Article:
Bonhoeffer was a Lutheran minister and already a highly regarded theologian before he was imprisoned. He had been in the United States a few years earlier, studying with Reinhold Niebuhr at Union Theological Seminary, and was deeply impressed with the kind of muscular Christianity practiced at Abyssinian Baptist Church up in Harlem. He saw the power of a Gospel of Social Justice and the necessity for the church to speak in the world against evil and injustice. He returned to Germany in 1931 to be ordained and to take a post teaching theology at the University of Berlin, but his career was cut short by the coming to power of the Nazis, with Hitler as their Fuhrer. He gave a sermon on the radio decrying what he saw as an idolatrous cult of Der Fueher…and that was the beginning of his long walk to his death. He opposed a pro-Nazi Christian movement called the German Christians, many of whom won high posts in the Nazi regime, and allied himself with what was eventually to become the Confessing Church, a group of church leaders who opposed Nazism.A schism in the German church between those who thought that Hitler was right and those who cried out against Hitler’s racism. Bonhoeffer went to London to take a post in the German speaking church there in 1933, amidst an outcry from others in the Confessing Church, who thought he was running away. He wanted to use the message of the Confessing Church to drum up ecumenical support for its views, to oppose Hitler and Nazism. He returned to Germany to found some underground seminaries, not beholden to Hitler, and then went back to Union Theoloigcal Seminary in New York in the late 30’s. He decided, though, he had to return to Germany, to continue to fight for the true Gospel and against the Nazi’s racist policies. His words to Neibuhr: "I have come to the conclusion that I made a mistake in coming to America. I must live through this difficult period in our national history with the people of Germany. I will have no right to participate in the reconstruction of Christian life in Germany after the war if I do not share the trials of this time with my people...Christians in Germany will have to face the terrible alternative of either willing the defeat of their nation in order that Christian civilization may survive or willing the victory of their nation and thereby destroying civilization. I know which of these alternatives I must choose but I cannot make that choice from security."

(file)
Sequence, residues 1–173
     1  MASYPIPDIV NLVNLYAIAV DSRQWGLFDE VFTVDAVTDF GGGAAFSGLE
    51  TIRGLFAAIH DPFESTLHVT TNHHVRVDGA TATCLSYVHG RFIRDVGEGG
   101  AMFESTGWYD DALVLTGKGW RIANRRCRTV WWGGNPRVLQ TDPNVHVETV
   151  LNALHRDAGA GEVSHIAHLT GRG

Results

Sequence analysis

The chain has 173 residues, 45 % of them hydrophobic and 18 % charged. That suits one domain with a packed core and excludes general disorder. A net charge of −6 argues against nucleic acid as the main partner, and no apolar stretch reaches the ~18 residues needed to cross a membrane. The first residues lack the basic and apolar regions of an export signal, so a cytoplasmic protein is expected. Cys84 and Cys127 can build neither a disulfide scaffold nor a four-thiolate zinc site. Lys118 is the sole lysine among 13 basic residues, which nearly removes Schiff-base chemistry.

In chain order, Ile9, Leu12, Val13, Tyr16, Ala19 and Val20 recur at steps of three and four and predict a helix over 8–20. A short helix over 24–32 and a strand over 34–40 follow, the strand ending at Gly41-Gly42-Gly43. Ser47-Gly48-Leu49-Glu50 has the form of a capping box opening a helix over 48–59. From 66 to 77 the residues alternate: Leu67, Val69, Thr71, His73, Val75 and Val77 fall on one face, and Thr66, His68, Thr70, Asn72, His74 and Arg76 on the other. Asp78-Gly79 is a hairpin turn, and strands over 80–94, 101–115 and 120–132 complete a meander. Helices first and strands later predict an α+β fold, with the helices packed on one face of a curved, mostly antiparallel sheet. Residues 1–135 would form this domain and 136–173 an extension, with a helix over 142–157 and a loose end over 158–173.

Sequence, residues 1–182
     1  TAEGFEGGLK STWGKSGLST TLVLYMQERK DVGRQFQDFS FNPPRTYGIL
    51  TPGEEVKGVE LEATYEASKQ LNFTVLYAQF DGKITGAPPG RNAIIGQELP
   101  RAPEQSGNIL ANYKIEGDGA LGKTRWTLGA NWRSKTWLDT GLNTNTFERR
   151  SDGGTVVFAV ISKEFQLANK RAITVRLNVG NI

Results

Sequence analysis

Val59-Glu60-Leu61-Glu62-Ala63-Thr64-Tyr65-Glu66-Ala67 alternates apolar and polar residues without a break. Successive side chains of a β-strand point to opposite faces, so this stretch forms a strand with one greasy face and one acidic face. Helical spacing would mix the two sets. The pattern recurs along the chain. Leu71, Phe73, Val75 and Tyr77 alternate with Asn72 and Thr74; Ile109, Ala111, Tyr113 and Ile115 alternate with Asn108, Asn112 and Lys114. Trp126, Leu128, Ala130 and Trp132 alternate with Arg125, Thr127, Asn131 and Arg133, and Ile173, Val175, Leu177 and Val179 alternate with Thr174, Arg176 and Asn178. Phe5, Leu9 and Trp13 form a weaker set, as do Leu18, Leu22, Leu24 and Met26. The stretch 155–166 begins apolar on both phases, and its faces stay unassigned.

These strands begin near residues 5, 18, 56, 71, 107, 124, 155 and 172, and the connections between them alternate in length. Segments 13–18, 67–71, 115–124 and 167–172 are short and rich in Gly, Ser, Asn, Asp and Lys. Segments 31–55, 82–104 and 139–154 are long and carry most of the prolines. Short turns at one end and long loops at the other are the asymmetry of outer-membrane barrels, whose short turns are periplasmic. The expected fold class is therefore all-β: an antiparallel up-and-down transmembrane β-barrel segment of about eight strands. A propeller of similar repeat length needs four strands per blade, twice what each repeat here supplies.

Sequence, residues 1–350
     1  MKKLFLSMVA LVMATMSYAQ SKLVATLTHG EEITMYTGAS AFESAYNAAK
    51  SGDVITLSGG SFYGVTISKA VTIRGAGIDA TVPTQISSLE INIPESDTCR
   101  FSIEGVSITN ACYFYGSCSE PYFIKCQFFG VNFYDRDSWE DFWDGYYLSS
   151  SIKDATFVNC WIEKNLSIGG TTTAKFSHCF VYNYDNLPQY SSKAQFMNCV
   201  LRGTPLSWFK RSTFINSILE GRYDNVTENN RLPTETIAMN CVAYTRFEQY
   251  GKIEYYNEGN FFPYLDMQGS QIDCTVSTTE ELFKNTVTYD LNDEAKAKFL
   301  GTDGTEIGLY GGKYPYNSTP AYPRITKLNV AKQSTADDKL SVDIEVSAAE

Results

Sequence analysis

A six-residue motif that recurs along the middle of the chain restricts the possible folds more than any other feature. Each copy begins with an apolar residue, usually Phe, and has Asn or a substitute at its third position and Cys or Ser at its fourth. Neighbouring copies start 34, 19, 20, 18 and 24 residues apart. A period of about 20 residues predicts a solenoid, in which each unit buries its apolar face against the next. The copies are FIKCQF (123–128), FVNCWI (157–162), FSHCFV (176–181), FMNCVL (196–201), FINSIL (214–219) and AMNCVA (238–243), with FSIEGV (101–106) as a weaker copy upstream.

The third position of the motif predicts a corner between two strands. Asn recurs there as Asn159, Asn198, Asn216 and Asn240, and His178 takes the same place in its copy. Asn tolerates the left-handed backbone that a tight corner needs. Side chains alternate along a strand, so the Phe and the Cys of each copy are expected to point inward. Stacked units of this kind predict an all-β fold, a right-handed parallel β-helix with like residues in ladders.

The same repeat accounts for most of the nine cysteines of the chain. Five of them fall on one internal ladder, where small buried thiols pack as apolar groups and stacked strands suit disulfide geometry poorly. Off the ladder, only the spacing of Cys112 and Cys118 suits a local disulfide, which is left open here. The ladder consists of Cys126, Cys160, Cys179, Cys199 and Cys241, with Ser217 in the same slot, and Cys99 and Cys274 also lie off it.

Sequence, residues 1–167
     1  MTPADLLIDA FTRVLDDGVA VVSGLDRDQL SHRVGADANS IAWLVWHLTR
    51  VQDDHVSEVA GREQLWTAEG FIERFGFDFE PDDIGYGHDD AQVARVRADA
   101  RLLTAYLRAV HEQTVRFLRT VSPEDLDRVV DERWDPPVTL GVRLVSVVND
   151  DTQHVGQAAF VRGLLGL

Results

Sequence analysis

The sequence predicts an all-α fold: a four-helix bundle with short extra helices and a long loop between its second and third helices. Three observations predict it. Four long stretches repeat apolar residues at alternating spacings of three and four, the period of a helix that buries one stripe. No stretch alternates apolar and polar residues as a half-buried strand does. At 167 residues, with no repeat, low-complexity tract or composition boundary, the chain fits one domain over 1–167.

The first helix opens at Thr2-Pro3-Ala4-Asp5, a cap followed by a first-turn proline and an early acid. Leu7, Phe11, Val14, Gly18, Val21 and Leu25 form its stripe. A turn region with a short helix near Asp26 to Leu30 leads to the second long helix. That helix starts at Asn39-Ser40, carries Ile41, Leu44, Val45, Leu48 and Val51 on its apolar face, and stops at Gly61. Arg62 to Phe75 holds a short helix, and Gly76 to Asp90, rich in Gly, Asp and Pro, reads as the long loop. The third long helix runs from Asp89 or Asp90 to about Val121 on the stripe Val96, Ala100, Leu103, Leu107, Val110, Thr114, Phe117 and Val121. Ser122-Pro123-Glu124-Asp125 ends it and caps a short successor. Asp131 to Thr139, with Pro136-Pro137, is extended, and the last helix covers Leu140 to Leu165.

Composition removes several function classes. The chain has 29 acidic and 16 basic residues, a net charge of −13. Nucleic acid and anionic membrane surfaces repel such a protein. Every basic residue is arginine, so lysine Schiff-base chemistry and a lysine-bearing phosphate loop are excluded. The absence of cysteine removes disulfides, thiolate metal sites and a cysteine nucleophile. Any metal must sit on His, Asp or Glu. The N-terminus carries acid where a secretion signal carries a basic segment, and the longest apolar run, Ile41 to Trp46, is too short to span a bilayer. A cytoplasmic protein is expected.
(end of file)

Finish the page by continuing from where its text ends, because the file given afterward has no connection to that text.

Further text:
It was, of course, a death sentence. He had begun working years before with his brother in law, Hans von Dohnanyi, and another small group plotting Hitler’s overthrow. He was arrested in 1943, and taken to Tegel prison. Later, he was put into Buchenwald, and then to Flossenburg, where he was hung. Some of his writings were smuggled out of prison, and later published as “Letters from Prison.”